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ERIC Number: ED524806
Record Type: Non-Journal
Publication Date: 2011-Oct
Pages: 114
Abstractor: ERIC
Reference Count: 50
ISBN: N/A
ISSN: N/A
Estimating the Impacts of Educational Interventions Using State Tests or Study-Administered Tests. NCEE 2012-4016
Olsen, Robert B.; Unlu, Fatih; Price, Cristofer; Jaciw, Andrew P.
National Center for Education Evaluation and Regional Assistance
This report examines the differences in impact estimates and standard errors that arise when these are derived using state achievement tests only (as pre-tests and post-tests), study-administered tests only, or some combination of state- and study-administered tests. State tests may yield different evaluation results relative to a test that is selected, and administered, by the research team for several reasons. For instance, (1) because state tests vary in content and emphasis, they also can vary in their coverage of the types of knowledge and skills targeted by any given intervention. In contrast, a study-administered test will correspond to the intervention being evaluated. In addition to differences in alignment with treatment, state tests may yield divergent evaluation results due to differences in (2) the stakes associated with the test, (3) missing data, (4) the timing of the tests, (5) reliability or measurement error, and (6) alignment between pre-test and post-test. Olsen, Unlu, Jaciw, and Price (2011) discuss how these six factors may differ between state- and study-administered tests to influence the findings from an impact evaluation. Specifically, Olsen et al. use data from three single-state, small-scale evaluations of reading interventions that collected outcomes data using both study-administered and state achievement tests to examine this and other issues. The authors found that (1) impact estimates based on study-administered tests had smaller standard errors than impact estimates based on state tests, (2) impacts estimates from models with "mismatched" pre-tests (e.g., a state pre-test used in combination with a study-administered post-test) had larger standard errors than impact estimates from models with matched pre-tests, and (3) impact estimates from models that included a second pre-test covariate had smaller standard errors than impact estimates from models that included a single pre-test covariate. Study authors caution that their results may not generalize to evaluations conducted in other states, with different study-administered tests, or with other student samples. Appended are: (1) Description of the Three Experiments; (2) Scatter Plots of Student Test Scores; (3) Quartiles of the Test Score Distribution; (4) Estimates from Other Evaluations; (5) Estimates from the Full Sample; (6) Hypothesis Tests and Minimum Detectable Differences; (7) Conceptual Approach to Generating Correlated Residuals for the Parametric Bootstrap; (8) Results from Bootstrapping and Hypothesis Testing; (9) Differences in Sample Size Requirements; (10) Correlations between Scores on State and Study-Administered Tests; and (11) Estimates of Key Statistical Power Parameters. (Contains 37 tables, 3 figures and 45 footnotes.)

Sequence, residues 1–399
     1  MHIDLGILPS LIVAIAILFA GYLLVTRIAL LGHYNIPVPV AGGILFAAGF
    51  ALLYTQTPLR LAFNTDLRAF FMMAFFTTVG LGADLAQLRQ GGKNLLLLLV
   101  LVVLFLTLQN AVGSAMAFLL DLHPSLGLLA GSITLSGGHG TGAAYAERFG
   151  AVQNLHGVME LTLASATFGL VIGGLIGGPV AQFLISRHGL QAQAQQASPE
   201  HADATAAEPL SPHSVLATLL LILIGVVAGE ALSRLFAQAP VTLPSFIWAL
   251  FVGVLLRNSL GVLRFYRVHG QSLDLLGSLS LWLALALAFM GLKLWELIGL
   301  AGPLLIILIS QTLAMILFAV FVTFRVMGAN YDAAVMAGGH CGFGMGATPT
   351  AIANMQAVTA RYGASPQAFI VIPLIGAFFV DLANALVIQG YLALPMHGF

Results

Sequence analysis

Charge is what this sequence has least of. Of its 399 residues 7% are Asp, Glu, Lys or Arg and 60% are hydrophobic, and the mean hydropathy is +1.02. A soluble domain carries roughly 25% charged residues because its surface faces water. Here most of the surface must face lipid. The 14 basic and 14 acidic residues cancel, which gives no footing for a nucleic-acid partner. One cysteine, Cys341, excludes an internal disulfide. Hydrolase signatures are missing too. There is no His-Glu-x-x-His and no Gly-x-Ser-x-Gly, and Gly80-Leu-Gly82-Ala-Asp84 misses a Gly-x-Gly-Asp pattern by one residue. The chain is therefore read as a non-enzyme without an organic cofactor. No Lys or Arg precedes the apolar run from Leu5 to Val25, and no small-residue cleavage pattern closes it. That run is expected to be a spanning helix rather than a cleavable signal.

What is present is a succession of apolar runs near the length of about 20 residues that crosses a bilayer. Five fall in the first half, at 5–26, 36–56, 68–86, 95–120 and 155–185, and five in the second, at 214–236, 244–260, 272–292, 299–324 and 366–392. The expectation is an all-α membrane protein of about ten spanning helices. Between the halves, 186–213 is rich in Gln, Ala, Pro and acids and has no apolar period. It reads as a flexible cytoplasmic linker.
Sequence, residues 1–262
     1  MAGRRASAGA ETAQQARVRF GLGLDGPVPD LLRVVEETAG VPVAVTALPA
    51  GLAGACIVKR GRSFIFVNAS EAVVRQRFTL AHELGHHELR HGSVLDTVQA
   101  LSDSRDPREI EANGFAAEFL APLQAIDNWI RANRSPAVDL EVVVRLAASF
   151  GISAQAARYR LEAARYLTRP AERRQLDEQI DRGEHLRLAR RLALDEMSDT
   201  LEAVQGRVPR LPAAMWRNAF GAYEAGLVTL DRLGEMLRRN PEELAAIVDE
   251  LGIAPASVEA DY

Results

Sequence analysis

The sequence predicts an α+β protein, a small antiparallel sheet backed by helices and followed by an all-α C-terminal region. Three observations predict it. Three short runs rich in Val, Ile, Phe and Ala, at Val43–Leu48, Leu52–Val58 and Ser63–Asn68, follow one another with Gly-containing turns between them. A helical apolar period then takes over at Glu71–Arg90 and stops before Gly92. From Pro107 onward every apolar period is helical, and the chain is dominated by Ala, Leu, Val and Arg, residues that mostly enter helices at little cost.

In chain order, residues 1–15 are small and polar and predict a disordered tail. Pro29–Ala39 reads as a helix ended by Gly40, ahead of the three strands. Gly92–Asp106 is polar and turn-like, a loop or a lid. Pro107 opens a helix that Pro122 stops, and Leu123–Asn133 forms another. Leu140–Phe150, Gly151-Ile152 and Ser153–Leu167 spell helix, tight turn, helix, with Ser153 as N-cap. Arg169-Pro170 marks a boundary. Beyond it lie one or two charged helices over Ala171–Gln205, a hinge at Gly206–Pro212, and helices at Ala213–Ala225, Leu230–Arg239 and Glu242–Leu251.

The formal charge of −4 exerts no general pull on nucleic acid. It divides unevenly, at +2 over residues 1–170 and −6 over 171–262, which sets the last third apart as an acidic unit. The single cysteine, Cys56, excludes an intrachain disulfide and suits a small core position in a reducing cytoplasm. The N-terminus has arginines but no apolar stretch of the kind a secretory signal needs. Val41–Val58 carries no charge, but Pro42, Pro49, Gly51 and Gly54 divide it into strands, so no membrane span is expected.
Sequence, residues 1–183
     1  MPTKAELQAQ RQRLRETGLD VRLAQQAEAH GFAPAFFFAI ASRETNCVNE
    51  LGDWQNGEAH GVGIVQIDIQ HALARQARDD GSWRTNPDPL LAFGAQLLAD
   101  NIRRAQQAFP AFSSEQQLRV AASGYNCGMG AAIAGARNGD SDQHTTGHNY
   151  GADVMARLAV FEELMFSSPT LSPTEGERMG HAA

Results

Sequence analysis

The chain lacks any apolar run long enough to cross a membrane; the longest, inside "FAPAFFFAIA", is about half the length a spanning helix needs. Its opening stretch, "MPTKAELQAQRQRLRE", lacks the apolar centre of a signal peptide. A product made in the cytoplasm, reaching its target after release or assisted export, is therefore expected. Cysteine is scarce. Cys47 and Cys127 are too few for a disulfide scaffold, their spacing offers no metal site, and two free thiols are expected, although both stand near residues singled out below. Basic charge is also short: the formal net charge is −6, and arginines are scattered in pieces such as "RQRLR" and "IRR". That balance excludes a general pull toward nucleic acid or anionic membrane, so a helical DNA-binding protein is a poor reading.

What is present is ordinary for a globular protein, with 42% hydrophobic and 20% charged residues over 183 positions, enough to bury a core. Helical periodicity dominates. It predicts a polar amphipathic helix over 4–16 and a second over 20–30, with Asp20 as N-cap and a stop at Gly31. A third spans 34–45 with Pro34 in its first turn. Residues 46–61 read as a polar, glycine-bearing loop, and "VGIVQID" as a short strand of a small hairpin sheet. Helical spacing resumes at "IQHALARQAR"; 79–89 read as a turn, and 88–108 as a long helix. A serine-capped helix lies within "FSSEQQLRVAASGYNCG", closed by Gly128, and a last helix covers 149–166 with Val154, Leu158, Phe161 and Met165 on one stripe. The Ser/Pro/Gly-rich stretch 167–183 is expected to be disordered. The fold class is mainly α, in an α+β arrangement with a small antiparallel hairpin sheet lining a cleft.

National Center for Education Evaluation and Regional Assistance. Available from: ED Pubs. P.O. Box 1398, Jessup, MD 20794-1398. Tel: 877-433-7827; Web site: http://ies.ed.gov/ncee/
Publication Type: Numerical/Quantitative Data; Reports - Research
Education Level: Elementary Secondary Education
Audience: N/A
Language: English
Sponsor: N/A
Authoring Institution: National Center for Education Evaluation and Regional Assistance (ED)
Identifiers - Location: Arizona; California; Missouri
IES Funded: Yes